The report describes how, after Cohen pled guilty to the hush payments and implicated Trump in them, Trump turned on him.

On August 21, 2018, Cohen pleaded guilty in the Southern District of New York to eight felony charges, including two counts of campaign-finance violations based on the payments he had made during the final weeks of the campaign to women who said they had affairs with the President. 1044 During the plea hearing, Cohen stated that he had worked “at the direction of’ the candidate in making those payments. 1045 The next day, the President contrasted Cohen’s cooperation with Manafort’s refusal to cooperate, tweeting, “I feel very badly for Paul Manafort and his wonderful family. ‘Justice’ took a 12 year old tax case, among other things, applied tremendous pressure on him and, unlike Michael Cohen, he refused to ‘break’-make up stories in order to get a ‘deal.’ Such respect for a brave man!”1046

Only after that does it focus, again, on Trump’s efforts to cover up the Trump Tower Moscow deal, and Trump’s retaliation against Cohen for cooperating on that issue.

When the report conducts the analysis of whether this amounts to obstruction, it includes the SDNY case in both the “nexus to an official proceeding” and “intent” sections.

Nexus to an official proceeding. The President’s relevant”conduct towards Cohen occurred when the President knew the Special Counsel’s Office, Congress, and the U.S. Attorney’s Office for the Southern District of New York were investigating Cohen’s conduct. The President acknowledged through his public statements and tweets that Cohen potentially could cooperate with the government investigations.

[snip]

The President’s concern about Cohen cooperating may have been directed at the Southern District of New York investigation into other aspects of the President’s dealings with Cohen rather than an investigation of Trump Tower Moscow

In other words, even though Mueller didn’t prosecute the hush payments, he treated as one of the things Trump was attempting to obstruct with Cohen’s testimony.

This analysis renders Barr’s judgment — that Trump could not commit obstruction of justice because he didn’t commit the underlying crime — utterly irrelevant and wrong with regards to the President’s efforts to obstruct Cohen’s testimony.

Even with the June 9 meeting, Barr is wrong: Mueller believed there as a crime, he just didn’t believe he could prosecute it.

But SDNY has already decided — and obtained a guilty plea naming Trump as a co-conspirator — that the hush payment investigation that Trump was also obstructing was a crime, with the necessary proof that the criminals knew it was a crime. The 2011 precedent would further back that case.

Barr’s attempt to exonerate Trump on obstruction heavily depends on the fact that DOJ didn’t find a crime involving Trump.

Except DOJ did.

emptywheel’s Mueller Report coverage

The Significance of Trump’s Obstruction of Investigation of His Family’s Campaign Finance Crimes, Plural

How “Collusion” Appears in the Mueller Report

Putin’s Ghost: The Counterintelligence Calculus Not Included in the Obstruction Analysis

Working Twitter Threads on the Mueller Report

The Trump Men and the Grand Jury Redactions

Mueller’s Language about “Collusion,” Coordination, and Conspiracy

The Many Lies and Prevarications of Bill Barr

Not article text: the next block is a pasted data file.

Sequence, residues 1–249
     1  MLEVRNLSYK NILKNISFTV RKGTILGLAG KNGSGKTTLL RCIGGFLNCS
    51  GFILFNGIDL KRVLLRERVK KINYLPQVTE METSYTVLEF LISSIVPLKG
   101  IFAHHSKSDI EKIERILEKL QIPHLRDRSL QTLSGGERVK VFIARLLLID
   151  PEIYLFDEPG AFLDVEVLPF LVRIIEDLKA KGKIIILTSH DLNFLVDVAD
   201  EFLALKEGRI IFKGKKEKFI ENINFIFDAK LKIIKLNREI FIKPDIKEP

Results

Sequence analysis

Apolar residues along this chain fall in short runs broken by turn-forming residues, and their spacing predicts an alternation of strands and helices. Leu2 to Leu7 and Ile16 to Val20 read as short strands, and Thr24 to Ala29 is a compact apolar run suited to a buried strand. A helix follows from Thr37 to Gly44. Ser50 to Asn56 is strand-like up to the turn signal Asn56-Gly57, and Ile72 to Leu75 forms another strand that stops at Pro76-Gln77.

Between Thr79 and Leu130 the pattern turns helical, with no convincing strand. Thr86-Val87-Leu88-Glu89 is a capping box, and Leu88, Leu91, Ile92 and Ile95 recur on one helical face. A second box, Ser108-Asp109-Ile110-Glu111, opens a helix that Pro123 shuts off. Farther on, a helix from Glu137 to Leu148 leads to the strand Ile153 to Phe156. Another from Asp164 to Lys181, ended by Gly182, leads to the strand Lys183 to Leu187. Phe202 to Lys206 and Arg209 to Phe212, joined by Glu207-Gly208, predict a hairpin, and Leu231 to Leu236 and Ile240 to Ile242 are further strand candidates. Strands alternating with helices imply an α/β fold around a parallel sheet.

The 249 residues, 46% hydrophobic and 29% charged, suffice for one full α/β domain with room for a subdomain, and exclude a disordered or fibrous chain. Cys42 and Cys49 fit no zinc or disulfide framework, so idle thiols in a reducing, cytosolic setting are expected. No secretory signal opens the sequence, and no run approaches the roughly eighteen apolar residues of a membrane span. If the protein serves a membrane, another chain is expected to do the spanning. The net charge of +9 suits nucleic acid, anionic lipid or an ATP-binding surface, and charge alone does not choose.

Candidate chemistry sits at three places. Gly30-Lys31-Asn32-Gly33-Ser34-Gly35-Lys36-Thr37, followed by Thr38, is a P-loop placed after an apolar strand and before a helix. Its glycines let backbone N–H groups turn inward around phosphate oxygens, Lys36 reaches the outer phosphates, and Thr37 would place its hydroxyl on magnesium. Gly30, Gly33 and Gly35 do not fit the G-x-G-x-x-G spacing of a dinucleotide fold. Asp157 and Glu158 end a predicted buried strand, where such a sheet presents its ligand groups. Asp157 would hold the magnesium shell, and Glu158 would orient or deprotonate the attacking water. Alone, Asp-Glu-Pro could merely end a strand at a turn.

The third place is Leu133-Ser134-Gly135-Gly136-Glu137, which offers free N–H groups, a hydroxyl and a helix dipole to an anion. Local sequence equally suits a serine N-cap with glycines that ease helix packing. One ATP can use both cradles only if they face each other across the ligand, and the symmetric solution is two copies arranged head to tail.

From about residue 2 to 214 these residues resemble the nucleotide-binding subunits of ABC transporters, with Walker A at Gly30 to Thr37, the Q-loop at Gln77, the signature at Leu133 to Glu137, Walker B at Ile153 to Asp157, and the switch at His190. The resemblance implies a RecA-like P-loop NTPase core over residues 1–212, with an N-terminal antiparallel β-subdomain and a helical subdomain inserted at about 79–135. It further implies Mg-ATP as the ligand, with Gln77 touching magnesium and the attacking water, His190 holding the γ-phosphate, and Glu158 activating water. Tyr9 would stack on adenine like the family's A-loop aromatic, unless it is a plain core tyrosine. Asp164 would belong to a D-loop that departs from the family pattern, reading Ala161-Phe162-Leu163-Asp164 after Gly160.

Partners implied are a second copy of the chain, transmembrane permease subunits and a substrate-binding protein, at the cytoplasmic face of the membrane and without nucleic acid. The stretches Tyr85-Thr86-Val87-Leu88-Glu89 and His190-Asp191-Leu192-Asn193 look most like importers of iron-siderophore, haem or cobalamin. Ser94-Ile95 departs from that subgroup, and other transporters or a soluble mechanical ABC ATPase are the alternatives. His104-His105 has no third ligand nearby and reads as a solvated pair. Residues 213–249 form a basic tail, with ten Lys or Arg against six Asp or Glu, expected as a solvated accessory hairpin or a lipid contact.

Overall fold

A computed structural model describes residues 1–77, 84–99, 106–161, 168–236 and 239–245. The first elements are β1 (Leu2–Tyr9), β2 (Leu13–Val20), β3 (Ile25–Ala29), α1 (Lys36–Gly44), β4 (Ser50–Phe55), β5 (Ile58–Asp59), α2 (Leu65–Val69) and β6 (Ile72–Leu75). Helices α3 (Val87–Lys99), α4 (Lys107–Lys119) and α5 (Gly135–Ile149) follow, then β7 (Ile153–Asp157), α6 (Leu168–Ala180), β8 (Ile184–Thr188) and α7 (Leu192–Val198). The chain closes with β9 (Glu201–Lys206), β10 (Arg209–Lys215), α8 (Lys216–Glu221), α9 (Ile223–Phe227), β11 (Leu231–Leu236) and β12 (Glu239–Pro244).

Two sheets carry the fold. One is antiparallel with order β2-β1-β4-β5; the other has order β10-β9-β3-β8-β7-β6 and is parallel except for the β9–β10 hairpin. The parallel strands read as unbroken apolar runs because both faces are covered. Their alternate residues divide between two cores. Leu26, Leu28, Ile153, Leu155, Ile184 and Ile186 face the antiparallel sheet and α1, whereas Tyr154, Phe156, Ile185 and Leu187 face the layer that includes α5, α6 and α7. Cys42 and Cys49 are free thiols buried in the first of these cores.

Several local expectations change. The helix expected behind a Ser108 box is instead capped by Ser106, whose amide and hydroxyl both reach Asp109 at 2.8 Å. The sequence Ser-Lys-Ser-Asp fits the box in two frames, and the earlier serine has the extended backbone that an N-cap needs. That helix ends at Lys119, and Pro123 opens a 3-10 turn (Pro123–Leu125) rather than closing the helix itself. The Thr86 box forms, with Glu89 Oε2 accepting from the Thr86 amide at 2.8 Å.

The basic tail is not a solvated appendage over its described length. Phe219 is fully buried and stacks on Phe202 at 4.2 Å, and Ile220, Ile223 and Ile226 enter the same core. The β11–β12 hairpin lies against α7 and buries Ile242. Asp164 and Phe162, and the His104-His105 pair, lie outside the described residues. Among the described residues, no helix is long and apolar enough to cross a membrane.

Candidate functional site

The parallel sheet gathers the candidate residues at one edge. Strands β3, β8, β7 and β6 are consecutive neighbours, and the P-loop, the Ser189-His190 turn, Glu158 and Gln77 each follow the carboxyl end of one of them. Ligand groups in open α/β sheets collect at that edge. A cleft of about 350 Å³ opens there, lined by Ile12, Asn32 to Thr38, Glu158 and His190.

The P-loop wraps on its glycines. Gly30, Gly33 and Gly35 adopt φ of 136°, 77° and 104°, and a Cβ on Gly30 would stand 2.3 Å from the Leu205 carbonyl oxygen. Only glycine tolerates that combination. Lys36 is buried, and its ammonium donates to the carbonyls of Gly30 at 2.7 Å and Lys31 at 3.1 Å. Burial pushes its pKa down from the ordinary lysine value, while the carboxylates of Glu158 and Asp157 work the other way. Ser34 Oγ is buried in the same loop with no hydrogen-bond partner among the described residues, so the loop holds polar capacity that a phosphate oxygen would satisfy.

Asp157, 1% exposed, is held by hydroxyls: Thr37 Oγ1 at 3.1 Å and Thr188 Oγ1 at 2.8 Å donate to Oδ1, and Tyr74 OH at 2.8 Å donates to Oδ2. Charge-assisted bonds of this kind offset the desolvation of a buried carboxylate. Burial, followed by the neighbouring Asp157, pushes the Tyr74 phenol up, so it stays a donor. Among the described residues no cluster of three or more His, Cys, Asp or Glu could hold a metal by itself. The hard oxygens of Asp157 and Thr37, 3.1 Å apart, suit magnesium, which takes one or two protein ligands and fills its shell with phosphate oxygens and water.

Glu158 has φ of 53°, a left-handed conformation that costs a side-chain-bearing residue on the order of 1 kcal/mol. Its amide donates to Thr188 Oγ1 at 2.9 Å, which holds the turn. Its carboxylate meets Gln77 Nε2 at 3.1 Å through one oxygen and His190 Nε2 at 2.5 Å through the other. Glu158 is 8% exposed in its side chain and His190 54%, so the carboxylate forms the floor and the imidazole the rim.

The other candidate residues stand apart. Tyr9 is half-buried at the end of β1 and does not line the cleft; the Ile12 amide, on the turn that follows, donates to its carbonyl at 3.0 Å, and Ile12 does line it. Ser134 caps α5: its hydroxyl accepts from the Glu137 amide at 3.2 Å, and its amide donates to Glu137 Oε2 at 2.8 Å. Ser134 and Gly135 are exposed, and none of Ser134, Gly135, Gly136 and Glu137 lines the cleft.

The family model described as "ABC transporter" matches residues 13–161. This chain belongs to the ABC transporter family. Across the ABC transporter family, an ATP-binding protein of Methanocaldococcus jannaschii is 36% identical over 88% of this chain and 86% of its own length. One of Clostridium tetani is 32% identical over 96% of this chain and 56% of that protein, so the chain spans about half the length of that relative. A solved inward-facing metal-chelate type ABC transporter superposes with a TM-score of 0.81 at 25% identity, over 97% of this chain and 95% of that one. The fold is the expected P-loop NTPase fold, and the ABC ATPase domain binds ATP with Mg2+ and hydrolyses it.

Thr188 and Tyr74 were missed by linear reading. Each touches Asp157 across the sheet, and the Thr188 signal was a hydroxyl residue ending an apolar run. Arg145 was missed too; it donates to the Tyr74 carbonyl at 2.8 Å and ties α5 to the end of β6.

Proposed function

As I disclosed last July, I provided information to the FBI on issues related to the Mueller investigation, so I’m going to include disclosure statements on Mueller investigation posts from here on out. I will include the disclosure whether or not the stuff I shared with the FBI pertains to the subject of the post. 

The Carr Correction and the Barr Pseudo Exoneration

Last week, Buzzfeed released part of a package of materials that Michael Cohen’s lawyers provided to Congress in what appears a last minute bid to stay out of prison. While it still represents just Cohen’s self-interested view (and not any of the corroborating information that Mueller’s team surely has), it makes it clear why Buzzfeed felt justified in claiming that Trump “directed” Cohen to lie. The most shocking new detail is that after Cohen testified, Trump’s lawyer (this package doesn’t reveal whether it was Jay Sekulow or someone else) called Cohen to congratulate him.

Trump knew with certainty that Cohen continued to discuss the Moscow Trump Tower project well beyond January 31, 2016. Yet after the testimony, Cohen received a call from Trump’s attorney, who congratulated him on the testimony – and said his “client” was happy with Cohen’s testimony.

Still, a call from one lawyer in a joint defense agreement to someone else in the JDA — a call that by description Cohen didn’t record — is not sufficient evidence to charge someone with suborning perjury.

Nevertheless, this new evidence may explain why Buzzfeed remains confident in its characterization that Trump directed Cohen to lie.

More importantly, it raises even more questions about why Peter Carr corrected the Buzzfeed characterization. As I noted at the time, someone from Rod Rosenstein’s office called Mueller’s office before they did make a correction. And the next day, Rudy Giuliani claimed credit for getting Mueller to correct the story.

And here we are, not three months later, learning new details of how closely involved Trump’s lawyers were in orchestrating Cohen’s testimony while Attorney General Bill Barr (who had been appointed but not confirmed at the time of the story) withholds Mueller’s own view of those documents, and just weeks after Barr and Rosenstein usurped the role of Congress to declare that the President’s behavior — including efforts, however inadequately supported by admissible evidence, to suborn perjury — does not amount to criminal obstruction of justice.

The details behind Rosenstein’s call and Rudy’s victory lap are not yet public; they’re certainly something the House Judiciary Committee should pursue.